The Utah Constitution, Article XIII, Section 2, requires "All tangible property in the State, that is not exempt under the laws of the United States, or under this Constitution, shall be assessed at a uniform and equal rate in proportion to its fair market value, to be ascertained as provided by law and taxed at a uniform and equal rate." Title 59, Chapter 2 of the Utah Code is a Property Tax Act, which contains provisions for levying and collecting taxes on both personal and real property. Provisions of 59-2 also cover appeals (59-2-1001 et seq.), exemptions, deferrals and abatements (59-2-1101 through 59-2-1220), tax liens (59-2-1301 et seq.), delinquencies (59-2-1331), and sales of property for delinquent taxes (59-2-1302, 59-2-1303 and 59-2-1343 through 59-2-1364). In addition, Tax Commission Rules R884 pertain to property tax as well as the Uniform School Fund.
How do I appeal my market value?
Valuation notices are mailed to property owners at the end of July. If you do not receive yours, please call the Tooele County Auditor's Office at (435) 843-3130. The notice contains the information for the tax payer to submit evidence and formally file an appeal with the Board of Equalization. A completed formal appeal must be submitted by September 15th to insure the preservation of your rights to appeal. Your appeal must contain evidence to support your value conclusion. At the Board of Equalization, which is held during the month of September, you will meet in a comfortable, informal setting with a realtor, attorney or a real estate appraiser from the private sector. This person has been hired by the county to impartially judge the value of your property.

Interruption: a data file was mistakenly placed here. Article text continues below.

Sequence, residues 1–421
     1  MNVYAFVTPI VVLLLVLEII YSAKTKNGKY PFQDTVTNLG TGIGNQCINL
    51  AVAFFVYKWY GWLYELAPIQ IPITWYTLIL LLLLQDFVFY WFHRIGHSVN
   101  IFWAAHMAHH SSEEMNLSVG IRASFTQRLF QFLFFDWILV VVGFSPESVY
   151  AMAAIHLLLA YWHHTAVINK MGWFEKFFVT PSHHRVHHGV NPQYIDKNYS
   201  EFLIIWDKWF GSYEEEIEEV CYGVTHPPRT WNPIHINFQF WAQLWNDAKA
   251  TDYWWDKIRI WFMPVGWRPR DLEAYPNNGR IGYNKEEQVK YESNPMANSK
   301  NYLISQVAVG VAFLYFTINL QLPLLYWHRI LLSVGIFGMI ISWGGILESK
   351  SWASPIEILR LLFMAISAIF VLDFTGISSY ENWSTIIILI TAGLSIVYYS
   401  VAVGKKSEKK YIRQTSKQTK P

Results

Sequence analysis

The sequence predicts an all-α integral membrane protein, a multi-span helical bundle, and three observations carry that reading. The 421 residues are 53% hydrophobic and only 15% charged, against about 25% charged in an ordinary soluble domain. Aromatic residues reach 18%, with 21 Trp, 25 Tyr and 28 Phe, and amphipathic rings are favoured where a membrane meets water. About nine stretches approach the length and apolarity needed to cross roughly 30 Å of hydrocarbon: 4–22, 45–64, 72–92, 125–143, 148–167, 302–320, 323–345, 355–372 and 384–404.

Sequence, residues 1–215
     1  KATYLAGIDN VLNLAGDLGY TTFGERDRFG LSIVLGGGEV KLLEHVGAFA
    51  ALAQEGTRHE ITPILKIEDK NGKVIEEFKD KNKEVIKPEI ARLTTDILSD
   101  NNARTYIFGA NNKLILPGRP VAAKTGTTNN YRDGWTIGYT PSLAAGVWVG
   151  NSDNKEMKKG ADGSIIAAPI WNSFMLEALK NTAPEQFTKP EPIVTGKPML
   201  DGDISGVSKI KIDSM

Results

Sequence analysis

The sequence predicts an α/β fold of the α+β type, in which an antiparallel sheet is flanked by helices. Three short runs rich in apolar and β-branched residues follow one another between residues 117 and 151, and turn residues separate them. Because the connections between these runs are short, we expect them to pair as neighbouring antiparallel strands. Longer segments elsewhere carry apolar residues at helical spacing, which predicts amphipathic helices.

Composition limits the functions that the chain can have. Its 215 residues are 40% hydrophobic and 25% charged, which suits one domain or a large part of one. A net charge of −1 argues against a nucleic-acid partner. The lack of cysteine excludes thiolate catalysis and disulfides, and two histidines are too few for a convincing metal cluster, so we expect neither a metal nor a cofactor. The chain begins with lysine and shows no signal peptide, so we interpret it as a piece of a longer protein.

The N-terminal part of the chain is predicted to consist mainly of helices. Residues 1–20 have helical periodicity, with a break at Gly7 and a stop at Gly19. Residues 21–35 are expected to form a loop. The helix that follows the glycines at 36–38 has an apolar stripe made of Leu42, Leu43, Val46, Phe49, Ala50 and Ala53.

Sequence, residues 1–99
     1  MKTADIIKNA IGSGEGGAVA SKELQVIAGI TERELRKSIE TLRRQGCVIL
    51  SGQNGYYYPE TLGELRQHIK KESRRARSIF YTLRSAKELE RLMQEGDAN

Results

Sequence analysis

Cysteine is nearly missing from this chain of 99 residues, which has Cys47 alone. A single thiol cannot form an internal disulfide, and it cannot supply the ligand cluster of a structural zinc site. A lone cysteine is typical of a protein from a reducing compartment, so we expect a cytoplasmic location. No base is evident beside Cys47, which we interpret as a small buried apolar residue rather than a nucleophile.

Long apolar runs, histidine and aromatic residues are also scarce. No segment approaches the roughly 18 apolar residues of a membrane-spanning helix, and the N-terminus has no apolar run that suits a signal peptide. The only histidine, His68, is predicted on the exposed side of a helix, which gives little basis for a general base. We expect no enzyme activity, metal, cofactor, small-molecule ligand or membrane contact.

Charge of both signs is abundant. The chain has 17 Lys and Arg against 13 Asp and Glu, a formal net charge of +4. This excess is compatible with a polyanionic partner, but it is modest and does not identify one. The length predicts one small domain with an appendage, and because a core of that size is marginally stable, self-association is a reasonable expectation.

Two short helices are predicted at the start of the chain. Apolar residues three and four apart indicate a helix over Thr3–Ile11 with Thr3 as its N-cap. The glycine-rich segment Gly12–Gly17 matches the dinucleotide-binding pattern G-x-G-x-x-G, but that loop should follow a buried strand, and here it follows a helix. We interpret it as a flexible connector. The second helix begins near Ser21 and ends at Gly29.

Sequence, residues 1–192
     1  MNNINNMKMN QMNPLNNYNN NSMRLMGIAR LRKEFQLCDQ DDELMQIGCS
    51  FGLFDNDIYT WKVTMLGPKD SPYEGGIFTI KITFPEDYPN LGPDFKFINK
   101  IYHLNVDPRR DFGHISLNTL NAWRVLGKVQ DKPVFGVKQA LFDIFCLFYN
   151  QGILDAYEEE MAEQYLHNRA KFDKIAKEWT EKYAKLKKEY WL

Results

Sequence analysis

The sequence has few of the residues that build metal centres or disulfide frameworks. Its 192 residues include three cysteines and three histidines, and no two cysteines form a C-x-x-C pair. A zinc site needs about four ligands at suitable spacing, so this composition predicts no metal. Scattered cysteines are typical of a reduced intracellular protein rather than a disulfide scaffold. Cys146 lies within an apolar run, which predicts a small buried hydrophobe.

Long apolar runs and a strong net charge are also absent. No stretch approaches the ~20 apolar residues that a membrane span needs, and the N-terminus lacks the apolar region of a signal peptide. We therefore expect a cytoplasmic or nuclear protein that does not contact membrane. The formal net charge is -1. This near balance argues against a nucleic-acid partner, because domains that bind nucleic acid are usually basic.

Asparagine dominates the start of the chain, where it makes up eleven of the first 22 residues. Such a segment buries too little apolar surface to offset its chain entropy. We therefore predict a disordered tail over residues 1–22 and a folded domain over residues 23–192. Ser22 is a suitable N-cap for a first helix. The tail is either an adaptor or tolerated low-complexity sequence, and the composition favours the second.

What constitutes as evidence?
You need to bring some sort of evidence (an appraisal-- a closing statement-- records of comparable houses, in comparable areas that sold for a comparable price-- etc.) 1) to demonstrate that the value placed by the assessor on your property is wrong, 2) to show what the value should be. You need to convince the County Board of Equalization that the value that the county has on your property is incorrect!

The County Board of Equalization can only decide 1) whether a property is exempt or 2) if a property is correctly valued. If you feel that your property would sell for the amount stated by the assessor, but you feel that your taxes are too high, you should discuss your concerns with your legislative representative and with your taxing entities. (Cities, County, School Districts, Water Districts, etc.)
How often does the county appraise my property?
State law requires that all properties be physically inspected every five (5) years and adjusted to market value every year. The values of each neighborhood are analyzed annually to ensure that the county's assessed value matches market.
How soon should I hear back regarding my appeal?
Depending on the number of appeals the Assessor's Office receives and the order they receive them, you may not be contacted for up to two weeks after you submit your appeal. The appraisers in the Assessor's Office review the appeals as quickly as they can. However, the longer you wait to turn in your appeal, the longer you will wait to hear back from an appraiser.